Another important difference is Shaw’s professional background. Unlike Star Trek captains who have apparently been on a command path from their days at the Academy, Stashwick explains, “[Shaw is] a grease monkey from Chicago. You know, my dad fixed machines for a living. He would have been a Starfleet engineer. There is a lot of my dad in this character. He’s a guy who isn’t a scholar. He’s hands-on, learns from experience. He thinks about things in practical terms. He’s not lofty, but he is curious.” 

Halfway through the season, Shaw’s character undergoes a change that was wonderful for Stashwick to play. “There’s a big turning point for him. He talks about things that he has probably never verbalized before.” Does Shaw come away with a better understanding of Picard and Riker? Stashwick clarifies, “Again, he is risk averse, but he is not above taking them when he starts to see what is at stake on a personal level and a grander level… He does the right thing. Actually, he’s always doing the right thing. But in the beginning, he just doesn’t have all of the information, so he can’t make the right decisions until he knows what’s what. I really love this guy; I love this character.

The character is the writers, the actor, the director. It’s a team effort. And I am just doing one part of it. I’m the singer, and they are the composers. So, I have to be the custodian of that territory. Having directors and producer/writers trust you and give you the permission to explore, experiment, try stuff and maybe fail… that is a rare and wonderful thing in this profession.

When asked if we may see more Shaw in the future, Stashwick replies, “That’s the goal!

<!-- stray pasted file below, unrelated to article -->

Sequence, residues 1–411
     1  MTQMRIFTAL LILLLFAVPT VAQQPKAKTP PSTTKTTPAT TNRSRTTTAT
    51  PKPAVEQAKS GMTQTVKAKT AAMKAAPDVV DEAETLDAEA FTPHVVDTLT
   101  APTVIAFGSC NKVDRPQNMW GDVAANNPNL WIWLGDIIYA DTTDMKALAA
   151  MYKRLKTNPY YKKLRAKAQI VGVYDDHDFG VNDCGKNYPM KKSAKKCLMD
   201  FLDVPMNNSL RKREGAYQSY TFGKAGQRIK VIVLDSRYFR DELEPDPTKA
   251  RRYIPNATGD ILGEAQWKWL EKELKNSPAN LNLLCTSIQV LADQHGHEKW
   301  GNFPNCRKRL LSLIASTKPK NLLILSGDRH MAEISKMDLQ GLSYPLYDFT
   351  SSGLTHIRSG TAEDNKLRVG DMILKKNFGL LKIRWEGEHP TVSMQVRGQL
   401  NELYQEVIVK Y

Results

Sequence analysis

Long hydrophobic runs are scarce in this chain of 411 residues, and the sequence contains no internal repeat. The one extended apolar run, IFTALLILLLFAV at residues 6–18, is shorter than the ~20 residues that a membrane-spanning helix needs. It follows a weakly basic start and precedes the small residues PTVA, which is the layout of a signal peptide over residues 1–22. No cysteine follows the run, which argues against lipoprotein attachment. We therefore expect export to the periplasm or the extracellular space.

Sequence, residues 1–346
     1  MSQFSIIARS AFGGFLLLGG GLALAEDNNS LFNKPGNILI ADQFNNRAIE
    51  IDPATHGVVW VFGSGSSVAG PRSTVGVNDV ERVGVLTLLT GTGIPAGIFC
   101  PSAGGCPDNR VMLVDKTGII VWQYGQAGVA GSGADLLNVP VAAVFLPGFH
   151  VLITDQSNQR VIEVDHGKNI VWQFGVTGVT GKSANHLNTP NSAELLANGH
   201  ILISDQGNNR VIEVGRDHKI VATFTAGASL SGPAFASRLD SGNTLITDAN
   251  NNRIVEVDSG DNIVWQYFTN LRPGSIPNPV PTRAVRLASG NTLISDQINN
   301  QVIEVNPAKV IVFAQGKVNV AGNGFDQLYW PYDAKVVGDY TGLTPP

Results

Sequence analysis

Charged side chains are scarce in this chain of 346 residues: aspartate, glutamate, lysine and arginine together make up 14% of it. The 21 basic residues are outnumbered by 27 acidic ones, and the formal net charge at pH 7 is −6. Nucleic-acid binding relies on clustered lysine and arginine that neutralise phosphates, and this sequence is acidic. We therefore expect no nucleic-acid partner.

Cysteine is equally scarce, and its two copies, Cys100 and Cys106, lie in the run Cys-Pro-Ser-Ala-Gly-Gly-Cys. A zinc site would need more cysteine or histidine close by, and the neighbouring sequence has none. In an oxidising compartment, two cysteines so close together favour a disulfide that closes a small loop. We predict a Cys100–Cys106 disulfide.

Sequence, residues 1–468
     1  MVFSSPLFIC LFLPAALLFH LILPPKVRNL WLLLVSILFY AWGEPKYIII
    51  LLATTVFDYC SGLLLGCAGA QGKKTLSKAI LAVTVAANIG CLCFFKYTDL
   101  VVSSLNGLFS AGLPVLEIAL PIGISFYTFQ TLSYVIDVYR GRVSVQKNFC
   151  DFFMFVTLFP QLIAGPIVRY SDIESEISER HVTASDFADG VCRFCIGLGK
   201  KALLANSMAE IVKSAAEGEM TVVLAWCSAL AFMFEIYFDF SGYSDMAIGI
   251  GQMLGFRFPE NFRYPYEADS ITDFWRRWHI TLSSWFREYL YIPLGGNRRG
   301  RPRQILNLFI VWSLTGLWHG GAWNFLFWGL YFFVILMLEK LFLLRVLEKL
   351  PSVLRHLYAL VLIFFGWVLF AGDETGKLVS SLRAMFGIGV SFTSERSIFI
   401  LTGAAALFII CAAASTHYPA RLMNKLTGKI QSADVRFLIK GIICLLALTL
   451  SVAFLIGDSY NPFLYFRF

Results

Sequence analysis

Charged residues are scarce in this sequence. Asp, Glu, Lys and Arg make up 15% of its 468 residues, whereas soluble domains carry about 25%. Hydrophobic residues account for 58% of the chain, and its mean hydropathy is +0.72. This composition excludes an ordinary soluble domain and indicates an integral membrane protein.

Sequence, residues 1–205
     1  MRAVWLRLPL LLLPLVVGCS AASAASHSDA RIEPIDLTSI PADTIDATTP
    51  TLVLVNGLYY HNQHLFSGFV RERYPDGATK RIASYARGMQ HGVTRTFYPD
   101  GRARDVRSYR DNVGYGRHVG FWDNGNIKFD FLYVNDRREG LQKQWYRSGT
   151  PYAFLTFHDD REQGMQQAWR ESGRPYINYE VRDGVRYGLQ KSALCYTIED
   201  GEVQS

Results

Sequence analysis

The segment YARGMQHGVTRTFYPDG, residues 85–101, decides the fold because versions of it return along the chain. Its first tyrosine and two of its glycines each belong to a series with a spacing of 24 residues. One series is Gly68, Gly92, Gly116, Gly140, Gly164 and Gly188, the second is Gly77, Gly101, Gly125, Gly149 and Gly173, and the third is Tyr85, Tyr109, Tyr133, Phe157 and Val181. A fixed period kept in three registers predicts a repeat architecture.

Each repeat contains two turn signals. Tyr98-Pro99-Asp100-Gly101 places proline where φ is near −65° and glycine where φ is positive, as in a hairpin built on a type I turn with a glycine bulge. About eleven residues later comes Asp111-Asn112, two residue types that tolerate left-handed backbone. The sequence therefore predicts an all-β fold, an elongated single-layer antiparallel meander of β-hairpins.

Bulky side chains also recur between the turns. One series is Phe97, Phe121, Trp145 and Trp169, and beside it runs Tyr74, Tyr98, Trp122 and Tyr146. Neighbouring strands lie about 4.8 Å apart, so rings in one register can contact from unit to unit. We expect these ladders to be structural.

A Special Family

While Stashwick had previously stepped a toe into the Star Trek universe years before, on Star Trek: Enterprise, his relationships on Picard were certainly more robust. “With Enterprise, I was brought in as a two-episode villain arc. It was lovely, and everyone was really nice; I had a great time. But I definitely was a guest in someone else’s home. With Picard, I was invited in as part of the family. It was explicit that it was my home too. A very warm welcome where I was given the same trust and respect as the legacy actors.

Stashwick relates, “There was this great moment for me. I was sitting in my Captain’s chair, in between takes. Brent Spiner comes walking over and horsing around with Patrick, who was sitting next to me, NOT in the Captain’s chair. So, Patrick leans over and says, ‘Oh, Brent, have you met Todd Stashwick?’ And then he conspiratorially leans in and says, ‘He’s one of us.’ I just walked off into the sea! We’re done! They treated me like one of the family, like I had always been there. And it does not go unappreciated.

Boldly Going

As we conclude our interview, Stashwick takes a moment to share his thoughts on this final season of Picard:

The beauty of this season is that we are bringing so many legacy characters back and introducing new characters with myself, Ed, and Amanda, and we get ten episodes, as opposed to a two-hour movie. It  gives breathing room for everyone to get their due. The creators didn’t treat Shaw with any less care and respect than they did with the legacy characters. So, that is a testament to the trust of the writers and producers that this not just be the Next Generation reunion show. It has to be its own animal, and it has to be Star Trek: Picard.

The interesting thing is that the first two seasons of this were literally Picard with some supporting characters. The decision to open it up and say, ‘You know, we have one shot at this, so let’s take a big swing.’ It’s big!

Amanda Plummer was such a treat. I recently rewatched Star Trek VI, and there’s a moment [on Picard] she does what her father did, by spinning around in her chair… It’s such a beautiful tribute. It’s a great nod. The entire season is filled with little moments like that. If you’re not an encyclopedic Trek person, it’s still just damn great entertainment. But if you ARE, it’s just transcendent and even richer. It is Trek made by people who love it, for people who love it.